The future of measurement and evaluation
18 July 2017
NPC’s Anne Kazimirski talks about this research. Video by Faculti.
Good measurement and evaluation is key to increasing the effectiveness of the social sector. Without it we have little idea about the impact we are having: we are rudderless, relying on anecdote and instinct. With it we can make good strategic decisions to really deliver for our missions and causes. And this is especially important today given reduced funding and growing social need, where we need to achieve more with less.
Having developed initially in the public sector, measurement and evaluation is now growing in importance within the voluntary sector as previous work by NPC has shown. More recently social investment has brought private sector investing principles into the arena of impact measurement: the focus on real-time feedback is spreading; standardised measures are gaining a foothold; and there is growing interest in measuring the social impact of commercial activities.
But for many, the words ‘measurement‘ and ‘evaluation’ spell despair and are met with a deep sigh. Complicated, jargon-filled, top down, box-ticking, funder-demanded, taking ages and very expensive are just some of the concerns and objections people have.
And yet things are changing, as we show in our recent report Global innovations in measurement and evaluation. We see rapid advances in the tools available, many of them technology enabled. As datasets multiply and evidence bases are built, we can share, manage and use data in new ways. Measurement can be done in real-time, helping us to steer our ship. Meanwhile there is a move for organisations to focus accountability, and therefore measurement, more squarely on service users. All this brings measurement and evaluation closer to what NPC has always wanted it be: easier to use and more useful for helping organisations move forward.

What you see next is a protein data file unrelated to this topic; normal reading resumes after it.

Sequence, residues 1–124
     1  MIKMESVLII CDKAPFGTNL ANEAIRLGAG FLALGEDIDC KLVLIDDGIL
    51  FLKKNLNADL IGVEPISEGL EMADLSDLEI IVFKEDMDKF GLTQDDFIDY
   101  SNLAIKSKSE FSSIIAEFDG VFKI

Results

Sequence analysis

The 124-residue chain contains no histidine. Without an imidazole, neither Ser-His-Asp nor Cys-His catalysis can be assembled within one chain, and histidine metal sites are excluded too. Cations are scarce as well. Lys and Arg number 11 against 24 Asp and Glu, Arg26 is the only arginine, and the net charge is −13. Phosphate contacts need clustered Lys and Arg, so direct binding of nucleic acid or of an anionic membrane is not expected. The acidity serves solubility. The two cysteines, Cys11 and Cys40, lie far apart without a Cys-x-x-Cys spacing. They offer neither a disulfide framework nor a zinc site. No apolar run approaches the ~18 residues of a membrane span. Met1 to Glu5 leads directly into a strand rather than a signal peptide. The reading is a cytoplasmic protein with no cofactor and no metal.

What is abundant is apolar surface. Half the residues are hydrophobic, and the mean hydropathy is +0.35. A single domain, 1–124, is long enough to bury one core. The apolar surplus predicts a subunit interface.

In the report, we outline these developments and explore their implications for impact measurement and evaluation practice. While we wrote it very much with charities in mind, this report is also relevant to the public sector—both service deliverers and commissioners—and to the private sector.
We know charitable organisations vary enormously in size, resources, skills and scope, and not every organisation could or should adopt every one of these innovations. But we seek to inform and inspire: to show charities what is possible and so to help them think a little bigger, aim a little higher. Because the better our measurement and evaluation practice, the more we will learn about how to improve social interventions, and the more social good we can achieve.